From 2018, women will begin cervical screening at age 25 – instead of 20 – based on evidence that suggests screening younger women does more harm than good.
The Ministry of Health announced the change today, with clinical director of the National Screening Unit Dr Jane O’Hallahan saying the human papillomavirus (HPV) causes more than 90 per cent of cervical cancers in younger women.
Vaccination offered the best protection for younger women, she said, and screening the 20-24 age group was associated with harm such as over-diagnosis, increased stress and unnecessary colposcopy – which is associated with higher risk of future pre-term births.
The Science Media Centre asked experts to comment on the change. Feel free to use these quotes in your reporting.
Associate Professor Merilyn Hibma, Dunedin School of Medicine, University of Otago, comments:
“The HPV vaccine protects against the two major cancer-causing virus types – 16 and 18. Vaccination should be administered prior to sexual activity, and works best in younger women. The vaccine is very effective, but women who are not vaccinated are still at risk of infection with the virus, and some of those women may then develop cellular changes that may lead to cancer.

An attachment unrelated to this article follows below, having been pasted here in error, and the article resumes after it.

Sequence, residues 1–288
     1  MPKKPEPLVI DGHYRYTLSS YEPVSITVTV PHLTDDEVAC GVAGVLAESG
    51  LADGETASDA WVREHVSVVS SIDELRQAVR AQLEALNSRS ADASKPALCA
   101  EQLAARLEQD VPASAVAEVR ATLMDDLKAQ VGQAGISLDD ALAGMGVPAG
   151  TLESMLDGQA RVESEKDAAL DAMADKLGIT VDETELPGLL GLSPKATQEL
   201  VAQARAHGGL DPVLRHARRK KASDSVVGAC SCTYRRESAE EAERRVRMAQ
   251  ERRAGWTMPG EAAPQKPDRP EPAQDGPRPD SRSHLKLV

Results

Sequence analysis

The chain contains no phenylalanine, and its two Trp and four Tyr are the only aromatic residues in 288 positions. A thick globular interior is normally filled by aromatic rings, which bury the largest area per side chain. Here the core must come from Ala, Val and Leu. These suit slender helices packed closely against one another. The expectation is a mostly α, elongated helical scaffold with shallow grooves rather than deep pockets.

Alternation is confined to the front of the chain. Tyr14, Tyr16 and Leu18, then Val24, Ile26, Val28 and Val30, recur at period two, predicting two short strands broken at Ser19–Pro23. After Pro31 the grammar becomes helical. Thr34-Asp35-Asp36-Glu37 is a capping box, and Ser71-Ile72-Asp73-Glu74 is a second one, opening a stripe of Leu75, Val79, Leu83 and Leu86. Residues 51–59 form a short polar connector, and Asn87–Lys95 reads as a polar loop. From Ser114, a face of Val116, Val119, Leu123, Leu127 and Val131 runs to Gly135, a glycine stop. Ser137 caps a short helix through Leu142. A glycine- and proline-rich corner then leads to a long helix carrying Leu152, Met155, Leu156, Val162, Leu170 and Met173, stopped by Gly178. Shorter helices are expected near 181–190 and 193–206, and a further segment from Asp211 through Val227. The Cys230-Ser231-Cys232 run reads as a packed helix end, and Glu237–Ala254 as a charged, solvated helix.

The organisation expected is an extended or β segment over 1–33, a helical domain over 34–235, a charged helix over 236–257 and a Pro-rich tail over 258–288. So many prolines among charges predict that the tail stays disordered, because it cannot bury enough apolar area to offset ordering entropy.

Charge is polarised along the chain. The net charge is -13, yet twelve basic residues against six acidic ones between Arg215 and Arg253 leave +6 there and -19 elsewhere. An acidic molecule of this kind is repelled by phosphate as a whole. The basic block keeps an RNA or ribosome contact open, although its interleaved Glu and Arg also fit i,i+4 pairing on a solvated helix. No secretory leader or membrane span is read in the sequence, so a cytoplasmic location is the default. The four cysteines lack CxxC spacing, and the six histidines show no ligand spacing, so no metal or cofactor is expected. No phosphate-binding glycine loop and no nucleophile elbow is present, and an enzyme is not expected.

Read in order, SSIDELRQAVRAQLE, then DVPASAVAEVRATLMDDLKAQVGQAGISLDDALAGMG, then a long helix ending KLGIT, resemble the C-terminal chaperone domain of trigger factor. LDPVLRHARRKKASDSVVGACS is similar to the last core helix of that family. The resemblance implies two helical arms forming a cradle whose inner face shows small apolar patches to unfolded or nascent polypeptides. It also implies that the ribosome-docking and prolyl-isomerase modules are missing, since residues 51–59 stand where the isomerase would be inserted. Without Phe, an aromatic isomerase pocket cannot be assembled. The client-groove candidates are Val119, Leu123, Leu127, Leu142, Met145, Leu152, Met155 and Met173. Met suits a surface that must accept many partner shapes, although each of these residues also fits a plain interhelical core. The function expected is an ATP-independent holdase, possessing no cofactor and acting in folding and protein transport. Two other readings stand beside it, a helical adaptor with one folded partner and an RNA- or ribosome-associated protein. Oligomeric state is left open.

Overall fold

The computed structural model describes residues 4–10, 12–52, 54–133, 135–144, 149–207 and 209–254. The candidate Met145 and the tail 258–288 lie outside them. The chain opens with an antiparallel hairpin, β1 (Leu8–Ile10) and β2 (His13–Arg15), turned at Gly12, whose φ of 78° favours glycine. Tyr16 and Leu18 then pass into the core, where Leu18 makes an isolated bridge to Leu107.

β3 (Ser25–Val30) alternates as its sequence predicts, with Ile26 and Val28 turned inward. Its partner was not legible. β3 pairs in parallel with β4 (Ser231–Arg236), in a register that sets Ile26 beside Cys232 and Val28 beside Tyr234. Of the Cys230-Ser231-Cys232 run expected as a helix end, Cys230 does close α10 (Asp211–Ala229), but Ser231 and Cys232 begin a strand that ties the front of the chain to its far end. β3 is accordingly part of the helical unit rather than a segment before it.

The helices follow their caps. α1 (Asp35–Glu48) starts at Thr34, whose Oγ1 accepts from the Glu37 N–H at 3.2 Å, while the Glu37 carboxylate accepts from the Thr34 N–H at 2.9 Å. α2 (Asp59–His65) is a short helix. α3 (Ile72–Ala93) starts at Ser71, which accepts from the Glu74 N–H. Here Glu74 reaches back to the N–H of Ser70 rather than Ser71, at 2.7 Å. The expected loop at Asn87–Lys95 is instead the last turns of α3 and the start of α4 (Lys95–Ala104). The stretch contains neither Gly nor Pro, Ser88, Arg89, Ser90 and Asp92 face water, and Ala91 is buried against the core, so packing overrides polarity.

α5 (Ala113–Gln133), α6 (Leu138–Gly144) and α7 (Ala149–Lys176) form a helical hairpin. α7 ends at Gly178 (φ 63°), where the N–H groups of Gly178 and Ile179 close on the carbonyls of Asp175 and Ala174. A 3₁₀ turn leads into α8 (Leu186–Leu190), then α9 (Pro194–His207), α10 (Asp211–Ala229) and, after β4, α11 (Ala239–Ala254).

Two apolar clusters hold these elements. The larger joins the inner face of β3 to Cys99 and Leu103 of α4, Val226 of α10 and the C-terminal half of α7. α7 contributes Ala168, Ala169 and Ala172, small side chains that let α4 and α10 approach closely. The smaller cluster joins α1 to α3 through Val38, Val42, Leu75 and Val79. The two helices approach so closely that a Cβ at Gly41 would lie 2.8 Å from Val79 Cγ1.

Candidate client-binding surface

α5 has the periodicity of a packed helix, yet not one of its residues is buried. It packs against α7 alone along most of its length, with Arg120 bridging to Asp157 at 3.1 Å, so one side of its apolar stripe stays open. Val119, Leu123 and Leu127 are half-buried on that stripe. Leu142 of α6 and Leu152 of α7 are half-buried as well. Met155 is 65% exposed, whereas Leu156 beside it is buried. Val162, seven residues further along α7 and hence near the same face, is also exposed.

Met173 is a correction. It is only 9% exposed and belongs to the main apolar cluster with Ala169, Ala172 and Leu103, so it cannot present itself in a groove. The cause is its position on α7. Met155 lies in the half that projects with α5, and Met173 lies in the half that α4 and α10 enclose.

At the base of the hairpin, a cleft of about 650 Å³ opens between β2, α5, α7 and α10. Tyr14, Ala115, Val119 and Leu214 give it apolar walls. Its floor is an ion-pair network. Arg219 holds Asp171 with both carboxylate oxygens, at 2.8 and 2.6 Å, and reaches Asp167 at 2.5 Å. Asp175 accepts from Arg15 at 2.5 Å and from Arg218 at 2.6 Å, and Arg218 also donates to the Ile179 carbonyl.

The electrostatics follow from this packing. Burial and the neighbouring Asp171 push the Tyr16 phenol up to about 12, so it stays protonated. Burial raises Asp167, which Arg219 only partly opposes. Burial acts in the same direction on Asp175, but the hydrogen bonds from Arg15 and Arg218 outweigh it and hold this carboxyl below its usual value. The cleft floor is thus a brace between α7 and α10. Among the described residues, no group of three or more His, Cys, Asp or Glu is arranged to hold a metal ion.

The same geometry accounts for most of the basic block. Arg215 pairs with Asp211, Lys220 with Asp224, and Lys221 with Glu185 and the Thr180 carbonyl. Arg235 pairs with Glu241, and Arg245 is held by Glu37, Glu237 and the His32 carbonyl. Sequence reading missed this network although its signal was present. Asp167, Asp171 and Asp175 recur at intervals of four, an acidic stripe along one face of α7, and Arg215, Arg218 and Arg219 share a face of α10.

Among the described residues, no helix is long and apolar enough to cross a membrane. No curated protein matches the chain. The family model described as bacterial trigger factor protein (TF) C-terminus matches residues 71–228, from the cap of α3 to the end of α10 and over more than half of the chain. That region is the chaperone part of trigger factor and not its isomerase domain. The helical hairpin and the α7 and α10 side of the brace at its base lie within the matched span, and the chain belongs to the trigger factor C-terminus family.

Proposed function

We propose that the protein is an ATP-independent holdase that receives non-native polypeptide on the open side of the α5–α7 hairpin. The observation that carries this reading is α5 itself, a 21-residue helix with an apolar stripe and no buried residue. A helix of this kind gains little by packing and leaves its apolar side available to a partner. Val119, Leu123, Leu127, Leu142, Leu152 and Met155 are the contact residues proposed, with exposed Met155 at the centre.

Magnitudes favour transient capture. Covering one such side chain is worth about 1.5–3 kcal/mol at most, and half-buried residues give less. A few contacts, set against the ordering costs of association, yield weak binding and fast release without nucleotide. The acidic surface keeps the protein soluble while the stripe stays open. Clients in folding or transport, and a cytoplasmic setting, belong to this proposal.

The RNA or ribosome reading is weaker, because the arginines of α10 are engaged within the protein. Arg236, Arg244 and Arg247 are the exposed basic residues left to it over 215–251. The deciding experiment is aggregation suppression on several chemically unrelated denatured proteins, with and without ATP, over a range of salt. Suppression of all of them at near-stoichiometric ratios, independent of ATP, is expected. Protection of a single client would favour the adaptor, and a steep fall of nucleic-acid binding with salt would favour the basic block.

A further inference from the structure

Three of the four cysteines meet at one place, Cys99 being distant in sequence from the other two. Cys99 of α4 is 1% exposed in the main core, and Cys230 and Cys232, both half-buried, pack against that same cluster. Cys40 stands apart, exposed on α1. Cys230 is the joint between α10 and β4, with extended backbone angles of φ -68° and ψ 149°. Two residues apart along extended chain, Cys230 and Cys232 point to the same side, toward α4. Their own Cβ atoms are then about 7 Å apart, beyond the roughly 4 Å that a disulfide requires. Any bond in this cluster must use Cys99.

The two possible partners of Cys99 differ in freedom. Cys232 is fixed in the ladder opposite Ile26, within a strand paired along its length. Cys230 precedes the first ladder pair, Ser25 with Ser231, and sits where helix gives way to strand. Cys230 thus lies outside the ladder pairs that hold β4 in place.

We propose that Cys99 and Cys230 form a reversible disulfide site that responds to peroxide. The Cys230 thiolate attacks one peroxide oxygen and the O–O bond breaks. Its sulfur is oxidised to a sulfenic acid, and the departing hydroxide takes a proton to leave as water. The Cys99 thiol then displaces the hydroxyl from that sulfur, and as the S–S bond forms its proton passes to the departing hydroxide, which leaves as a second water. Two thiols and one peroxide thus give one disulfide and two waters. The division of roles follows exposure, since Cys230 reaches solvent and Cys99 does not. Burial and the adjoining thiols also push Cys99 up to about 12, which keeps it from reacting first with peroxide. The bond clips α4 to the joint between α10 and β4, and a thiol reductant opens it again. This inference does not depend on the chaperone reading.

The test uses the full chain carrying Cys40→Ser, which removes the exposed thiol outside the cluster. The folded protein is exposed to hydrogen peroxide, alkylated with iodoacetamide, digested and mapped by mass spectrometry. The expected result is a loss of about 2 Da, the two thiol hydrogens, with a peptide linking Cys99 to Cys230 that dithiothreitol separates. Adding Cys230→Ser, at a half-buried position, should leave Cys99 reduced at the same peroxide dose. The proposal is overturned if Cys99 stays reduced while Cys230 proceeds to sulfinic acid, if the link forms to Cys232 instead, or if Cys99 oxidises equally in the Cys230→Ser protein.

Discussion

“Commencing screening at 25 does reduce the risk of unnecessary treatment in young women. An effective screening programme to prevent cervical cancer requires participation so that cellular changes that might lead to cancer can be detected as early as possible. With good participation in screening by women, this change in age of commencement of screening will not reduce the effectiveness of the screening programme in New Zealand.”